Error parsing XSLT file: \xslt\FacebookOpenGraph.xslt Graham Hurdle blog: 27 February - How do we stop the domino effect?
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Graham Hurdle blog: 27 February - How do we stop the domino effect?

Date: 27 February 2015

Graham Hurdle is managing director of E-Training World

Department for Transport statistics released on 5 Feb reveal that road deaths, KSI (killed or seriously injured) casualties and casualties of all severities rose in the 12-month period ending September 2014, compared with the corresponding period in 2013.

The DfT bulletin shows that the number of road deaths (1,730) increased by 1% and KSI casualties (24,360) by 4%. In addition, child KSI casualties rose by 3% over this period. In the same period there were 192,910 reported road casualties of all severities, an increase of 5%. A 2% increase in motor traffic levels means the overall casualty rate per vehicle mile increased by 3% for the period.\

Many road safety campaigners consider the increase in KSI casualties to be based on the following reasons:

  • An increase in traffic volume as the economy grows.
  • The lack of traffic police on our roads having a direct impact on levels of Road Safety.
  • The lack of focus that the current Government has shown towards Road Safety.

Whilst these can be seen as valid reasons for the increase, I believe we must also consider other contributing factors.

All road crashes are made up of a number of components. If any one of these components is removed, or modified, the crash is far less likely to happen. In my days as a driver trainer, I used a row of dominos to explain this.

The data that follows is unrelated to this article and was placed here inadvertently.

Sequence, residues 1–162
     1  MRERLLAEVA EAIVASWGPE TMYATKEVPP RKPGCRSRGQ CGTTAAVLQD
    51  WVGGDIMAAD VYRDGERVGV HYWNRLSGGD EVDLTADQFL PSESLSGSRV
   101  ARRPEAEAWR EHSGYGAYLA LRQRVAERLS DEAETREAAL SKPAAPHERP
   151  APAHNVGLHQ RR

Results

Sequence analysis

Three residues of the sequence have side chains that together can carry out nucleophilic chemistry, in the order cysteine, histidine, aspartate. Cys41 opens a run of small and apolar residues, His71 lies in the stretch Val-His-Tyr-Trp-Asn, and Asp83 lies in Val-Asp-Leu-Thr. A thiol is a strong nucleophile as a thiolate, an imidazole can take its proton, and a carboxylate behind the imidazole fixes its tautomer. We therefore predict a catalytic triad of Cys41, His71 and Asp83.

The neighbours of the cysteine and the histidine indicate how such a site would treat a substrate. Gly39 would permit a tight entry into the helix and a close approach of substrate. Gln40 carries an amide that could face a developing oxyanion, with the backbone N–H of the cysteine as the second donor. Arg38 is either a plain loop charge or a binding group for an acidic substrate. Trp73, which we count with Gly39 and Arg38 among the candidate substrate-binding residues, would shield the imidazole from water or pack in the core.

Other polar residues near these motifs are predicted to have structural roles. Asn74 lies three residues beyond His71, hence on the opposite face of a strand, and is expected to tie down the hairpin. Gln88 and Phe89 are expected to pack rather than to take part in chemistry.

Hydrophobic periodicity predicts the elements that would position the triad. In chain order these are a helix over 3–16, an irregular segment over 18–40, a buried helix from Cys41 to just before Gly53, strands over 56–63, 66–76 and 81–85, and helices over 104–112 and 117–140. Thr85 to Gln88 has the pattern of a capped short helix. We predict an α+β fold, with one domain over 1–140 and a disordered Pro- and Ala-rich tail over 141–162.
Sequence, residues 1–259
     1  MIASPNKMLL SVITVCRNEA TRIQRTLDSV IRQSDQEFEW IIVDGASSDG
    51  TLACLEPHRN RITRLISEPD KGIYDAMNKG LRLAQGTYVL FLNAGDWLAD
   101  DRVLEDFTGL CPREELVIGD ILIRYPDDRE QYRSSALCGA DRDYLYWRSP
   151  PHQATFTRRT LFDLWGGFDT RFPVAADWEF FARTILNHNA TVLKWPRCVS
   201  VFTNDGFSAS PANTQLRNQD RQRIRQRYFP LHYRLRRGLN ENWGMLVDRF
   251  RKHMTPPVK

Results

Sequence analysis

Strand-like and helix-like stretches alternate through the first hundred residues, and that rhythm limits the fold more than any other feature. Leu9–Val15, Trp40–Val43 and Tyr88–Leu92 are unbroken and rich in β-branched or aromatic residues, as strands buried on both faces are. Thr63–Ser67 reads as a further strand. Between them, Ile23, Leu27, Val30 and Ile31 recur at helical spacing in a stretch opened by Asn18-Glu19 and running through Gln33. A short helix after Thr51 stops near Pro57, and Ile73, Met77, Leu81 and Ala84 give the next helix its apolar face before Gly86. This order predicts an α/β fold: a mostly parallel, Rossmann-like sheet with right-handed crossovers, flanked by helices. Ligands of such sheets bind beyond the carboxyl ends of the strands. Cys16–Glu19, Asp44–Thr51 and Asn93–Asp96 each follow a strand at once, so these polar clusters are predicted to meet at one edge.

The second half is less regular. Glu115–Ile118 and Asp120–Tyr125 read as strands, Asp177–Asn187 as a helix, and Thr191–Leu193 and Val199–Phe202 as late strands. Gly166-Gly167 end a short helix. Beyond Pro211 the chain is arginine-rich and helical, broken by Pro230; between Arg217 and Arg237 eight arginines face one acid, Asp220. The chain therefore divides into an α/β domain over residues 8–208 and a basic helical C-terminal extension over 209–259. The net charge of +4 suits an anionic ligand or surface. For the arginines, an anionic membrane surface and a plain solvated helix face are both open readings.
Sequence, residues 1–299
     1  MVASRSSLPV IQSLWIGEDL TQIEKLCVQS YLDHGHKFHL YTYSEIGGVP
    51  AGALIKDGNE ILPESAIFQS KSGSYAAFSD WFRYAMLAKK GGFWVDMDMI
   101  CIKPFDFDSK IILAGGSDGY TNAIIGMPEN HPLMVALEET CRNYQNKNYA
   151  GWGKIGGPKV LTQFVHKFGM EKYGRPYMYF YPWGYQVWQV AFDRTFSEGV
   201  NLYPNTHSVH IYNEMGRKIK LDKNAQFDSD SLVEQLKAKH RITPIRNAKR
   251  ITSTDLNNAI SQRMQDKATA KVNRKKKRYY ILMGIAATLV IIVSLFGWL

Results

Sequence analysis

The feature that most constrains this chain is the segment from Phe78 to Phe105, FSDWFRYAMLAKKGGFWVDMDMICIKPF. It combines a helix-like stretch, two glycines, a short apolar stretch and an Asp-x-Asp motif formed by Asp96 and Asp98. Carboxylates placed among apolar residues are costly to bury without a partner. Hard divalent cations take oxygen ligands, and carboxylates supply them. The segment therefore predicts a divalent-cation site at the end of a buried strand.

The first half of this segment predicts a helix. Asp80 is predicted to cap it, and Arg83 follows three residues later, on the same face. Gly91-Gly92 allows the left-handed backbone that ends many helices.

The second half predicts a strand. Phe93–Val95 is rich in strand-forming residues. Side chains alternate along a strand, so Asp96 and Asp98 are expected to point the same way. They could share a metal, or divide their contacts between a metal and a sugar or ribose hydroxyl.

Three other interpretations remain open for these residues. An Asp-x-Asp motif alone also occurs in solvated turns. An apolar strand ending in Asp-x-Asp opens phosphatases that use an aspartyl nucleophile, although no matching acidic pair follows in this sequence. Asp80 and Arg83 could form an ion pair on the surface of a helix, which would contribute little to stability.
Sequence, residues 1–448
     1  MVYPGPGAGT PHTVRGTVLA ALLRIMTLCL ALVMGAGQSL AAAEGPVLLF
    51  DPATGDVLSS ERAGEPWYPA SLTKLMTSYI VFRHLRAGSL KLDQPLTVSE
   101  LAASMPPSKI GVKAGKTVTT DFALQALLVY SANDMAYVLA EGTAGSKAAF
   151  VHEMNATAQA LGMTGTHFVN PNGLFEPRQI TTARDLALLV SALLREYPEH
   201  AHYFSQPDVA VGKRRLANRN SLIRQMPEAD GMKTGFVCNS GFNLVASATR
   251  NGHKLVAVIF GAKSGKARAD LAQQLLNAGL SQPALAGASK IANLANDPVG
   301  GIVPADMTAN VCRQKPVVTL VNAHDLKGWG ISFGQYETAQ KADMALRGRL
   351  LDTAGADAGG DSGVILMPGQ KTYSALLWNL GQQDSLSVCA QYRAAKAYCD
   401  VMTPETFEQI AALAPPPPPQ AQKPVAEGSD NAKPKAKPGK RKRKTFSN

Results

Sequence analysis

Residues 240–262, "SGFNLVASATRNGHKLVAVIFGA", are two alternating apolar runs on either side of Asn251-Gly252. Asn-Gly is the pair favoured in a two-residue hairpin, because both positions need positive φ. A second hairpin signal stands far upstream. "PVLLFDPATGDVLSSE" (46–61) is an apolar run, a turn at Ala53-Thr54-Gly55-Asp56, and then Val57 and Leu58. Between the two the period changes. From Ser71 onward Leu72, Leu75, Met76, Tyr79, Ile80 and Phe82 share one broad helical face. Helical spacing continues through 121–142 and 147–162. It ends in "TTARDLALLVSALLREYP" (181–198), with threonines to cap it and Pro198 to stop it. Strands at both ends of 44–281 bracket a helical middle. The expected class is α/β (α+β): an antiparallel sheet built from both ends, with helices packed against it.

Each domino represents one element of a crash. The first domino could be a lack of sleep, the second domino could be running late, the third domino a lack of concentration (perhaps due to the first two dominos) and so on - until you get to the last domino which is the actual crash.

The number of dominos, and what each one represents, varies with each crash, and I've always believed, the earlier in the chain of events a domino is removed the greater chance the crash can be avoided.     

If we look at what the Government has done to tackle the various chains of events that lead to accidents, I find it hard to recall many - apart from installing speed cameras, which bring mixed opinion regarding their effectiveness. The domino that represents 'speed' is not as the Government would wish us to believe, the only reason we crash.

My plea to this, and the next Government, is to invest in Road Safety and lets focus on identifying the real dominos that lead to the most crashes - then seek to eliminate them.

Companies can also do their bit by looking at their accident records and seeing what the domino effect was for each of their drivers. The starting point for this is post-accident awareness training - ensuring drivers take time at the accident scene (if they can) to gather as much evidence as to what happened as possible. Post accident interviews are also essential to unravel what led to the incident.

That way, better and more relevant investment can be made in training that will reduce accidents for at-work drivers.